I will be talking about some different aspects of both intellectual and emotional discernment in coming articles. For this article I want to make a point about how important this process is by using the example of some basic dysfunctional beliefs that are at the foundation of our relationship with life. These are the beliefs that we learned from the fairy tales we heard in early childhood.
We learned that when we meet our Prince or Princess we will live happily-ever-after. We got the message that there was a destination to reach in life where we would find a state of being that is happily-ever-after.
That is not true. It is not the way life works. You know that now. As an adult, you consciously and intellectually know that there is no happily-ever-after - if you have ever stopped to think about it.
Unfortunately however, that belief is programmed into our subconscious intellectual paradigm and as such, it determines our perspective of life, of romance, of our self - and thus dictates our emotional relationship with those aspects of our human experience.
We are set up to feel like failures in life, and in romantic relationships, because we do not get to reach happily-ever-after. We judge and shame ourselves because we haven't lived up to the fairy tale. We blame ourselves - or we blame others for this feeling of failure.
This feeling of failure is an illusion based upon a fairy tale. It is based upon beliefs about life that are not true - that have never been true. It is part of our subconscious programming and the only way to change it is to change that subconscious programming - and heal the emotional wounds that we have experienced because our dysfunctional relationships with life and romance set us up to feel like failures.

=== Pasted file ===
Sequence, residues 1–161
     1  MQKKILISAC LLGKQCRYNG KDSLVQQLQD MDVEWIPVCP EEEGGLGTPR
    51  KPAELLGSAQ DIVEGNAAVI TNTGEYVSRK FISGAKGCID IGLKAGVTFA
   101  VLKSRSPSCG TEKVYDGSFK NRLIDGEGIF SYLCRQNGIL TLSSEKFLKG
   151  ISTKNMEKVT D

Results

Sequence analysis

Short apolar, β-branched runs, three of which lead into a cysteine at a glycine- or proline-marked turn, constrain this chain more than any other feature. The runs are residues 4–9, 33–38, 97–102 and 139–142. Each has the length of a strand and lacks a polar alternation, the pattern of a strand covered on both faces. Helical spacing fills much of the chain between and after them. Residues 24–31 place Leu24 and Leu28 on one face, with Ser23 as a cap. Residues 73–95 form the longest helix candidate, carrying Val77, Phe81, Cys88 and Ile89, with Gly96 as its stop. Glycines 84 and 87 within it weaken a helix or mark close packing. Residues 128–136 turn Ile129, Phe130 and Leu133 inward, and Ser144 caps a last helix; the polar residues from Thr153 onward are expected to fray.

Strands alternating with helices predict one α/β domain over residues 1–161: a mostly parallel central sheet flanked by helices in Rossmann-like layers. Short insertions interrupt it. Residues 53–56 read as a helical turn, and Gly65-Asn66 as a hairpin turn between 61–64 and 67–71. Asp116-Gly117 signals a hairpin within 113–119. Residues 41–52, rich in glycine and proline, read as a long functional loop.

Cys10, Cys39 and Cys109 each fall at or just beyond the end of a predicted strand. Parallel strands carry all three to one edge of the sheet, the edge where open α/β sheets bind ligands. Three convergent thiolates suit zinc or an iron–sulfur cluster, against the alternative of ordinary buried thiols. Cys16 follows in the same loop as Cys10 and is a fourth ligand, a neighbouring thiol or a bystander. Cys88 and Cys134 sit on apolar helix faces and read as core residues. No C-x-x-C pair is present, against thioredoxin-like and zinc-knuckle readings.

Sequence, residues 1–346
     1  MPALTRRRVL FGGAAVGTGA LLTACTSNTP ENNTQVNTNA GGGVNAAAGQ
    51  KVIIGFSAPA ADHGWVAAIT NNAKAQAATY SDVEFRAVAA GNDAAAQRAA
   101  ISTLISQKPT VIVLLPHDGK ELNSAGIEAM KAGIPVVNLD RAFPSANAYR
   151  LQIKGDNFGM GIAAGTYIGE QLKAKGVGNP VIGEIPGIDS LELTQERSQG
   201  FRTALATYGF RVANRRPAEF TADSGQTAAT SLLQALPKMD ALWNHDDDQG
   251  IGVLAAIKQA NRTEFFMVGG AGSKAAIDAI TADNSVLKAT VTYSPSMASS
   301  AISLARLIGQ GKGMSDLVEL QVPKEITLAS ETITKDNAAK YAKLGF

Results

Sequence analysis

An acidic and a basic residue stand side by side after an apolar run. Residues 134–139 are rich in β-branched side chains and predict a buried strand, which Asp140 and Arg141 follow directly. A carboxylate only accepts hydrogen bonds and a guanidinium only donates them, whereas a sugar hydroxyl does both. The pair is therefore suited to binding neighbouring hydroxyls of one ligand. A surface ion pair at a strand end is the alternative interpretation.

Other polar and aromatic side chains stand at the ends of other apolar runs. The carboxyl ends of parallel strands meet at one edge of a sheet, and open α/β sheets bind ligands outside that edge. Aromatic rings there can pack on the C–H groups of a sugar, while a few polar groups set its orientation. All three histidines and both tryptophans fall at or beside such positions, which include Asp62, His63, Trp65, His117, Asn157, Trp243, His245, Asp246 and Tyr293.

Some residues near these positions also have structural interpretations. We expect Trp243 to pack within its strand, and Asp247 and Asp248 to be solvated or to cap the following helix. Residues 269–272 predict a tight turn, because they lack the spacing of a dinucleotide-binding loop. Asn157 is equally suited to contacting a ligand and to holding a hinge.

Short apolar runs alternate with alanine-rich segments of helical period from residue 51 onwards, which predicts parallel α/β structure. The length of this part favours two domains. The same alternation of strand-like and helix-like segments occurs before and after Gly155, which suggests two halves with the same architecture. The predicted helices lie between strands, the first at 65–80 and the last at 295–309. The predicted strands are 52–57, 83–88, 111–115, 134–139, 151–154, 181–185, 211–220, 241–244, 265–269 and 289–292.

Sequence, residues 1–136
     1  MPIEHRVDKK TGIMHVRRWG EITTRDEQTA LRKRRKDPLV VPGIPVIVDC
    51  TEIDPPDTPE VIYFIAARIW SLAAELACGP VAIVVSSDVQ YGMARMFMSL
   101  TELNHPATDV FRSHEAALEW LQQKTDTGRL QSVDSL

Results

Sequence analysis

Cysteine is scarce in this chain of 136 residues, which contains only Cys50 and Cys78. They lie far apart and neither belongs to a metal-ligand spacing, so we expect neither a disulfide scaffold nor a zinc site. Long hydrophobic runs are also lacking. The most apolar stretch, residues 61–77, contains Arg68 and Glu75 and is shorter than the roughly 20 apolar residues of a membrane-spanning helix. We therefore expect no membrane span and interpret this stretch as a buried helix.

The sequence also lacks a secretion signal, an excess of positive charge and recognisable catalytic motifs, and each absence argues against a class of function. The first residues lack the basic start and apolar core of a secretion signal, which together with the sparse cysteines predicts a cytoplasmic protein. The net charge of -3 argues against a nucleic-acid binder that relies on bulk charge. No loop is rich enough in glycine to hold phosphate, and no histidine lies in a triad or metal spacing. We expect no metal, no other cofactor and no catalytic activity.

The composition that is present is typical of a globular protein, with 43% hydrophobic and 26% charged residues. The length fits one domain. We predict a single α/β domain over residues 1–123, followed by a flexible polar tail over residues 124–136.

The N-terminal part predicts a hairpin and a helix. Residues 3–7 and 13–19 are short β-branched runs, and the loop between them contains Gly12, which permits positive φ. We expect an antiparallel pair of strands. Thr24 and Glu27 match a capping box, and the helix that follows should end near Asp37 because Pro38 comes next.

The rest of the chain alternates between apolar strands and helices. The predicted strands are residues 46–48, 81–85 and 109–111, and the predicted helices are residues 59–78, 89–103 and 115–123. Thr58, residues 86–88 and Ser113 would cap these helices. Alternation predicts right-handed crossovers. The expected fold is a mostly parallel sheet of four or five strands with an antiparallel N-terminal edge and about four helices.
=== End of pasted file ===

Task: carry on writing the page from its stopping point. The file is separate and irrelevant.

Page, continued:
We cannot do that without looking within. We need to become willing to start shining the light of consciousness into the darkness of our subconscious in order to take power away from that which is in the dark. Looking outside to find the answers does not work. It is only by looking within that we can start healing and recovering from the false beliefs that we learned in childhood.
It is vital for us to start awakening to the reality that we have the power to change our beliefs. We have the power to choose a different intellectual paradigm to define our life. That is what working the twelve steps can do for us - cause a paradigm shift our relationship with life. The more conscious we get about how the process works the quicker we can make the transition.
We have the power to change the attitudes, beliefs, and definitions that are dictating our relationship with life. We can start practicing discernment - picking the baby out of the bath water - once we are willing to start looking within without shame and blame. The key to doing this is to detach from our own process enough to develop an objective perspective of our self.
To use the blind men and the elephant analogy, this means to realize that we aren't really blind - we have just had our eyes closed, have been living unconsciously. We can open our eyes and step back to look at the elephant from a better perspective. We can walk around it and look at it from all angles. We have a choice to open our eyes and see more clearly. We do not have to be trapped in the programming from our childhood. We have a choice.
We lived life unconsciously because we did not know any other way. It is not shameful - not something to judge ourselves for. Once we get in enough pain we start becoming willing to look for another way. That is when we can start to learn and practice discernment. That is when we can begin our recovery.